Difference between revisions of "Stiki: an Anti-Vandalism Tool for Wikipedia Using Spatio-Temporal Analysis of Revision Metadata"

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'''Stiki: an Anti-Vandalism Tool for Wikipedia Using Spatio-Temporal Analysis of Revision Metadata''' - scientific work related to Wikipedia quality published in 2010, written by Andrew G. West, Sampath Kannan and Insup Lee.
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'''Stiki: an Anti-Vandalism Tool for Wikipedia Using Spatio-Temporal Analysis of Revision Metadata''' - scientific work related to [[Wikipedia quality]] published in 2010, written by [[Andrew G. West]], [[Sampath Kannan]] and [[Insup Lee]].
  
 
== Overview ==
 
== Overview ==
STiki is an anti-vandalism tool for Wikipedia. Unlike similar tools, STiki does not rely on natural language processing (NLP) over the article or diff text to locate vandalism. Instead, STiki leverages spatio-temporal properties of revision metadata. The feasibility of utilizing such properties was demonstrated in prior work, which found they perform comparably to NLP-efforts while being more efficient, robust to evasion, and language independent. STiki is a real-time, on-Wikipedia implementation based on these properties. It consists of, (1) a server-side processing engine that examines revisions, scoring the likelihood each is vandalism, and, (2) a client-side GUI that presents likely vandalism to end-users for definitive classification (and if necessary, reversion on Wikipedia). Authors demonstration will provide an introduction to spatio-temporal properties, demonstrate the STiki software, and discuss alternative research uses for the open-source code.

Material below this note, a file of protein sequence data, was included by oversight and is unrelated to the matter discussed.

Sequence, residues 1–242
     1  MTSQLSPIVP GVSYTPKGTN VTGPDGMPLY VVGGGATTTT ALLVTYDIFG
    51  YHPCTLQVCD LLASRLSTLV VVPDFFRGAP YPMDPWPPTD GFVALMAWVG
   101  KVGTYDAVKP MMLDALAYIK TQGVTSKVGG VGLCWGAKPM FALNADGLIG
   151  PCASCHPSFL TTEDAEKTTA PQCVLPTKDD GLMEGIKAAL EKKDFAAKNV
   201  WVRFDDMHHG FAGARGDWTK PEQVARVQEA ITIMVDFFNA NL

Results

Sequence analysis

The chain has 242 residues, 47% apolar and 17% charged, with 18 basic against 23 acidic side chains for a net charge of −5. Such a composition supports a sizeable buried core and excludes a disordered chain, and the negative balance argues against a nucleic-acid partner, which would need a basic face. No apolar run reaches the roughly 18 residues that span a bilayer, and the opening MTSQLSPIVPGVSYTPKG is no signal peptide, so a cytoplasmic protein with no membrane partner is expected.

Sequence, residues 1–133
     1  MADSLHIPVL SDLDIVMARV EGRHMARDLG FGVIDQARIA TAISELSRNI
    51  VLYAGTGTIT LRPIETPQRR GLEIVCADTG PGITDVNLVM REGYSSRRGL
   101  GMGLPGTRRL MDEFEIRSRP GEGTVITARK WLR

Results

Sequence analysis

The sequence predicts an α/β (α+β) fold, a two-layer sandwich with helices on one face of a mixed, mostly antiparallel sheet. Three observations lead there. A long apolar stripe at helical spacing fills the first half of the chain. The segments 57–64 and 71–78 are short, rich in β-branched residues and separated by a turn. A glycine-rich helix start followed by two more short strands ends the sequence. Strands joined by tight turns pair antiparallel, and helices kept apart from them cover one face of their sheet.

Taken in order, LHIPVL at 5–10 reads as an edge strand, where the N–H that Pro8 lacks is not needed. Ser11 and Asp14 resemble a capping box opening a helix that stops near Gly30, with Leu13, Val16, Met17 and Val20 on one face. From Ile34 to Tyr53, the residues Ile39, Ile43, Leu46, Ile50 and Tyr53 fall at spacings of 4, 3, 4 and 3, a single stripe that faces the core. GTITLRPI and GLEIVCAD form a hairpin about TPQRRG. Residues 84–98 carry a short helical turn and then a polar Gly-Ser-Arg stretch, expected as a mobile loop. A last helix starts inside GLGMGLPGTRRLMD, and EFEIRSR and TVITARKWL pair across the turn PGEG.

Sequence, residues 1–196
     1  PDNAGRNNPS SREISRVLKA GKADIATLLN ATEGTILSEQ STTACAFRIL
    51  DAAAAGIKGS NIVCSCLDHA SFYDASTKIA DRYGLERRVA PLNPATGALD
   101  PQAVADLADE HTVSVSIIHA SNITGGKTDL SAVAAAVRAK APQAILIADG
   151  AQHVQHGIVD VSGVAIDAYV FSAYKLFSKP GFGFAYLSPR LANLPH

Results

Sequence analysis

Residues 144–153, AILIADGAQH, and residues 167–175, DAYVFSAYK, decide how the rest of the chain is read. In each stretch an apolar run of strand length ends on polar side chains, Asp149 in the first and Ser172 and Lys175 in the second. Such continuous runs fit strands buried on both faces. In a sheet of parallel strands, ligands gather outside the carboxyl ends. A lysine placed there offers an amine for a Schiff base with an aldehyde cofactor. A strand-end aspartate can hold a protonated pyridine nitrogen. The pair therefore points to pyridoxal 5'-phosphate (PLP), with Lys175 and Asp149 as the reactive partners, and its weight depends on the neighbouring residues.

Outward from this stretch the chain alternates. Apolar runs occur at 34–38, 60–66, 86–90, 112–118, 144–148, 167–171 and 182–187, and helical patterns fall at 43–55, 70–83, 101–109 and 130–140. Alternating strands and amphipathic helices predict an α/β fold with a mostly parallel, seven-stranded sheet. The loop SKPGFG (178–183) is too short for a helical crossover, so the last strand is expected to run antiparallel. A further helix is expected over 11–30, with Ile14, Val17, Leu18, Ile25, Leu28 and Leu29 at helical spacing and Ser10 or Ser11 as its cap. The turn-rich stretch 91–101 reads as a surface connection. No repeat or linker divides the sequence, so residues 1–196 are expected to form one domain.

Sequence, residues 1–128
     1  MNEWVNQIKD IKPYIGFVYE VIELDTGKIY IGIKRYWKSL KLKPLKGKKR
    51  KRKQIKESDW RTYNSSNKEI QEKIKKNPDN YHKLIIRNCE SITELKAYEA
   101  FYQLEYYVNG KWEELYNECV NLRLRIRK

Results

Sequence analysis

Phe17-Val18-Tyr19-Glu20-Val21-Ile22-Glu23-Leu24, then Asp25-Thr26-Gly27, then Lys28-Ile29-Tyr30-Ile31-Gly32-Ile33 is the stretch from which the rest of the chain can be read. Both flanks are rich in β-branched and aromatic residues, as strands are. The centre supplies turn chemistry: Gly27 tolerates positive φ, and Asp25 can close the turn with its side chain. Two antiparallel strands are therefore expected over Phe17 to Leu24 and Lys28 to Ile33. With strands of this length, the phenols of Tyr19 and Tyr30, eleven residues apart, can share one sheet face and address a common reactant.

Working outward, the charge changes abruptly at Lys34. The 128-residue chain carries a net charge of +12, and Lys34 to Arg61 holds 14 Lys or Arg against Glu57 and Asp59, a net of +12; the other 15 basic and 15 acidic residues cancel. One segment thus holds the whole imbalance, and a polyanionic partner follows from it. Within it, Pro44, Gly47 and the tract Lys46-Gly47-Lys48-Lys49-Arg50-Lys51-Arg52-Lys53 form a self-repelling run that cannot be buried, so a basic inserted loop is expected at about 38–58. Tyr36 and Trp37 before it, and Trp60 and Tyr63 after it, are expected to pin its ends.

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STiki is an anti-vandalism tool for [[Wikipedia]]. Unlike similar tools, STiki does not rely on [[natural language processing]] (NLP) over the article or diff text to locate vandalism. Instead, STiki leverages spatio-temporal properties of revision metadata. The feasibility of utilizing such properties was demonstrated in prior work, which found they perform comparably to NLP-efforts while being more efficient, robust to evasion, and language independent. STiki is a real-time, on-Wikipedia implementation based on these properties. It consists of, (1) a server-side processing engine that examines revisions, scoring the likelihood each is vandalism, and, (2) a client-side GUI that presents likely vandalism to end-users for definitive classification (and if necessary, reversion on Wikipedia). Authors demonstration will provide an introduction to spatio-temporal properties, demonstrate the STiki software, and discuss alternative research uses for the [[open-source]] code.

Latest revision as of 10:06, 12 August 2019

Stiki: an Anti-Vandalism Tool for Wikipedia Using Spatio-Temporal Analysis of Revision Metadata - scientific work related to Wikipedia quality published in 2010, written by Andrew G. West, Sampath Kannan and Insup Lee.

Overview

STiki is an anti-vandalism tool for Wikipedia. Unlike similar tools, STiki does not rely on natural language processing (NLP) over the article or diff text to locate vandalism. Instead, STiki leverages spatio-temporal properties of revision metadata. The feasibility of utilizing such properties was demonstrated in prior work, which found they perform comparably to NLP-efforts while being more efficient, robust to evasion, and language independent. STiki is a real-time, on-Wikipedia implementation based on these properties. It consists of, (1) a server-side processing engine that examines revisions, scoring the likelihood each is vandalism, and, (2) a client-side GUI that presents likely vandalism to end-users for definitive classification (and if necessary, reversion on Wikipedia). Authors demonstration will provide an introduction to spatio-temporal properties, demonstrate the STiki software, and discuss alternative research uses for the open-source code.